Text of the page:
On December 12, 2022, Azerbaijan blocked the Lachin corridor, the only route connecting the self-proclaimed Nagorno Karabakh Republic with the outside world. The corridor is blocked by "eco–activists," who initially demanded access for the relevant Azerbaijani state institutions to monitor the copper-molybdenum mine in Nagorno Karabakh. They argued that Nagorno Karabakh authorities did not meet international standards. However, very soon, the list of demands started to increase – the resignation of the newly appointed state minister of the self-proclaimed Nagorno Karabakh Republic, Ruben Vardanyan, and the establishment of an Azerbaijani checkpoint in the Lachin corridor were among the new demands added. Anyone, who has at least a basic understanding of the Nagorno-Karabakh conflict, and has followed the developments there since the end of the 2020 Nagorno Karabakh war, has no doubts that what has been going on in the Lachin corridor for almost a month is connected with geopolitics, rather than benign environmental concerns.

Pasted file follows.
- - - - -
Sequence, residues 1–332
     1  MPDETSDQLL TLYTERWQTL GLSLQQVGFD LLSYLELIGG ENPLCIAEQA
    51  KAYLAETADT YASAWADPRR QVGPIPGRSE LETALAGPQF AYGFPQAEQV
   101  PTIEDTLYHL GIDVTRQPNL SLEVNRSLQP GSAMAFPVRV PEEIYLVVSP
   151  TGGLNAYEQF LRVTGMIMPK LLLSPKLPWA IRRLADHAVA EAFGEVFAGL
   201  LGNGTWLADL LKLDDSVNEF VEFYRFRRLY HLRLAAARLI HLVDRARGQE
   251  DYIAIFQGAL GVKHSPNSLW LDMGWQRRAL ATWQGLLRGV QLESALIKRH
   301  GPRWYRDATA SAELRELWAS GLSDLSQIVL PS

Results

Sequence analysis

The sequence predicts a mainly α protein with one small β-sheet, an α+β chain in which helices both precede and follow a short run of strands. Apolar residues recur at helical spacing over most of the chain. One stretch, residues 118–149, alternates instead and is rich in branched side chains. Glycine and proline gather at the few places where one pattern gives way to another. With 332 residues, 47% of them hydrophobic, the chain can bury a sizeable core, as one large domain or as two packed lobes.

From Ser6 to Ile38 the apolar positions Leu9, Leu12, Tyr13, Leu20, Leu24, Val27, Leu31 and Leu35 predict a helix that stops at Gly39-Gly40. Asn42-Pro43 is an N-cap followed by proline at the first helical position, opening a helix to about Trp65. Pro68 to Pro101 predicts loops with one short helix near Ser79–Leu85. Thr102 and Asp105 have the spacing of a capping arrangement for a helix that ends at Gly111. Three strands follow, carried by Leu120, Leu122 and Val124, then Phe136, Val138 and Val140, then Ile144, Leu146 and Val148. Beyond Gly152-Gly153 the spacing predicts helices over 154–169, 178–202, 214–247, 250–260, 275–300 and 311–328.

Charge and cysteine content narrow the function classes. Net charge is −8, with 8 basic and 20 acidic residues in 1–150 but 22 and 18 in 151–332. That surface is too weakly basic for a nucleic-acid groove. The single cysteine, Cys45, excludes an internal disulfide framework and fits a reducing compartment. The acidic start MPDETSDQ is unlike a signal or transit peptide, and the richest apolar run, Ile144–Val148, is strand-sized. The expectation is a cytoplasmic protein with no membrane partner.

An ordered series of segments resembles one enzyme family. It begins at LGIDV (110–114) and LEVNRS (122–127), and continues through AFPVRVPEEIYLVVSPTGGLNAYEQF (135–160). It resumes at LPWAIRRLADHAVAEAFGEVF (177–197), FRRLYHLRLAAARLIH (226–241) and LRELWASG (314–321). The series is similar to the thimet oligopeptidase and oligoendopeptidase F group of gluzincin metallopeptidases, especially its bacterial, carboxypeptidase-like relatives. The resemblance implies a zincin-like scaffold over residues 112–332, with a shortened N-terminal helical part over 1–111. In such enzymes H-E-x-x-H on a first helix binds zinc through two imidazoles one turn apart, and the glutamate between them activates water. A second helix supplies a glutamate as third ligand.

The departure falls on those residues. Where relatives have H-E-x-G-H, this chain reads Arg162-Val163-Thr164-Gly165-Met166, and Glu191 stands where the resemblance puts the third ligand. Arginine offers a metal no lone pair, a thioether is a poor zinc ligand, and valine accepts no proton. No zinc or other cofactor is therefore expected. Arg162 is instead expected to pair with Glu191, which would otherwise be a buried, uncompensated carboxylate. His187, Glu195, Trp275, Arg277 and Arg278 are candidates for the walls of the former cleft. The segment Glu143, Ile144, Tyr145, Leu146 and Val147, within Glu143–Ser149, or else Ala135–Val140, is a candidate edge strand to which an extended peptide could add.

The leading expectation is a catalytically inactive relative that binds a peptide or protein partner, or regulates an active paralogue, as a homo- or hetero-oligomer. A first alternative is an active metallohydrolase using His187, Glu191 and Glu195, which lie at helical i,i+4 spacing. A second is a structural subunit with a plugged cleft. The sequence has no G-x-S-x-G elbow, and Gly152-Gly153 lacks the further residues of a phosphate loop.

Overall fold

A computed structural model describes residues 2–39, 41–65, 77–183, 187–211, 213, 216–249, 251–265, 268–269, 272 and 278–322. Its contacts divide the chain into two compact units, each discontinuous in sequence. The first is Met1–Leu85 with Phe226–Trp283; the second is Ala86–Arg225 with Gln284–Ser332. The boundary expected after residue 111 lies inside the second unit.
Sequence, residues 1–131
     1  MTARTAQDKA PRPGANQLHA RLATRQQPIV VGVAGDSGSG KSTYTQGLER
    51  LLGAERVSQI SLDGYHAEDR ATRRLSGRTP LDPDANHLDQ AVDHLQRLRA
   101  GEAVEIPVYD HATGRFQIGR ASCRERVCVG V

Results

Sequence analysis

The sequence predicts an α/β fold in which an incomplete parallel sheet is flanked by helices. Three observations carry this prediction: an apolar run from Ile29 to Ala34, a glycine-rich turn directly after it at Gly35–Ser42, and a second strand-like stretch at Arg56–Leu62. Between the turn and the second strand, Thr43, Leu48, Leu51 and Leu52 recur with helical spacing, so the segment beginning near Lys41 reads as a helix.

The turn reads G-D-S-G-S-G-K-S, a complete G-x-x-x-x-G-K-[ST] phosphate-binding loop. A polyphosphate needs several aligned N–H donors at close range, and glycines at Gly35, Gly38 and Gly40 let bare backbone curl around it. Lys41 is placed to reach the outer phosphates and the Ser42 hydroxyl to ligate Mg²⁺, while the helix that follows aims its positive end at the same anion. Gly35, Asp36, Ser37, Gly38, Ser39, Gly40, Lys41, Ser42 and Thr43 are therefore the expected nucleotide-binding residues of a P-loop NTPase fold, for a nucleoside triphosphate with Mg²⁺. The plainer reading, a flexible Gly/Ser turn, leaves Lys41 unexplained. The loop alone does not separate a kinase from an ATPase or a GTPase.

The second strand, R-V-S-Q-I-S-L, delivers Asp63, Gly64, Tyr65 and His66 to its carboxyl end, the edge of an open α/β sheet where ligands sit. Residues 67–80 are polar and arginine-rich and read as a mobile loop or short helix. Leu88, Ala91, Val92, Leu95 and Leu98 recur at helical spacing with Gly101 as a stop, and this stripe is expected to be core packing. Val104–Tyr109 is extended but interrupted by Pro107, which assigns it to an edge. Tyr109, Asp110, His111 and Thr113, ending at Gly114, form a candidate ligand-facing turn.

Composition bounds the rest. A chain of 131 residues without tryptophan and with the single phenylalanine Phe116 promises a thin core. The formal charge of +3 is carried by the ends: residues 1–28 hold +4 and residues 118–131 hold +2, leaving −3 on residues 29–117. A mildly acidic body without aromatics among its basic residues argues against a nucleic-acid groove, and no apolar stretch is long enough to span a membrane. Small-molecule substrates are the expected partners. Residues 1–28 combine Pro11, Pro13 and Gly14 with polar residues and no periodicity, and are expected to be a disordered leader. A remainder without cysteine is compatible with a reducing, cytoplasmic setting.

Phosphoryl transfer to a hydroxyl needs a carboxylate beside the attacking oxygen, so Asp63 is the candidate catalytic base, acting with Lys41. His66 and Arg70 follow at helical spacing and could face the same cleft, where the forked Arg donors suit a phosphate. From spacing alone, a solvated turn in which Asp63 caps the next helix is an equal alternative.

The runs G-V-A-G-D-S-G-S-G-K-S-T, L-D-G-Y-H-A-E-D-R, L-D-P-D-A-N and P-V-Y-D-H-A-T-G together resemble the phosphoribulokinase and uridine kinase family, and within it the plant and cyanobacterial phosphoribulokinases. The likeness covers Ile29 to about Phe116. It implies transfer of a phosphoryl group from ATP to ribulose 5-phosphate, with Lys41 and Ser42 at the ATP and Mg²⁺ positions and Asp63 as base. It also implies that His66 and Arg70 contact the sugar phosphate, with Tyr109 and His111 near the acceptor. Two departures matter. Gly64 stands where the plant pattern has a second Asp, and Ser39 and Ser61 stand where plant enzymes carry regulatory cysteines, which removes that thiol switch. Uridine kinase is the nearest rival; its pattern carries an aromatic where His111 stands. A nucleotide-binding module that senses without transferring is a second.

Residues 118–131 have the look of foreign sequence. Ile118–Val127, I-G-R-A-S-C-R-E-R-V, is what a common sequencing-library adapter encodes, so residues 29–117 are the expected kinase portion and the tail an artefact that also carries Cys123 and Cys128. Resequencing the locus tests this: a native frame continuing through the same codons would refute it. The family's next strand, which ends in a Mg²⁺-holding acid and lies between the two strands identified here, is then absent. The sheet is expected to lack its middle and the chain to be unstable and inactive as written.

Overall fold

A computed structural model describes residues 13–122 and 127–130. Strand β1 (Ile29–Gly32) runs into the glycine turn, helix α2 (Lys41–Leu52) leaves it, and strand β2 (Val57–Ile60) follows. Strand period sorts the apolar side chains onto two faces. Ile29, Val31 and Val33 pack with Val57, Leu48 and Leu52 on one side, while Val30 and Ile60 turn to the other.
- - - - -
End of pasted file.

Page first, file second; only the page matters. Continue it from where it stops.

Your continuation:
There are plenty of explanations for why Azerbaijan decided to close the corridor and why it thought December 2022 was the best time to do that. Many Armenian experts are sure that the strategic goal of Azerbaijan is to force out as many Armenians from Nagorno Karabakh as possible. Imposing the blockade and triggering a humanitarian crisis is one of the options to send a clear message to Armenians living there that they have no future in Nagorno Karabakh. Other experts claim, that the strategic goal of Azerbaijan is to force Armenia to sign a peace agreement with Azerbaijan on Baku's terms, including establishing the so-called "Zangezur corridor." According to this logic, by closing the Lachin corridor, Azerbaijan sent a message to Armenia – either there will be two corridors with similar modalities of functioning, or there will be no corridor at all.
Some in the Armenian government claim that Russia is involved in the closure of the Lachin corridor, and by doing this the Kremlin seeks to force Armenia to join the Union state of Russia and Belarus. Prime Minister Pashinyan did not accuse Russia of closing the Lachin corridor. However, he argued that the control over the Lachin corridor was the direct responsibility of Russia according to the November 10, 2020, trilateral statement. Thus, Prime Minister repeatedly called Russia to implement its obligations, and to apply to the UN Security Council to provide an international mandate to the Russian peacekeepers. According to his other suggestion to Russia, Kremlin should apply to the UN Security Council to send an international peacekeeping mission to Karabakh.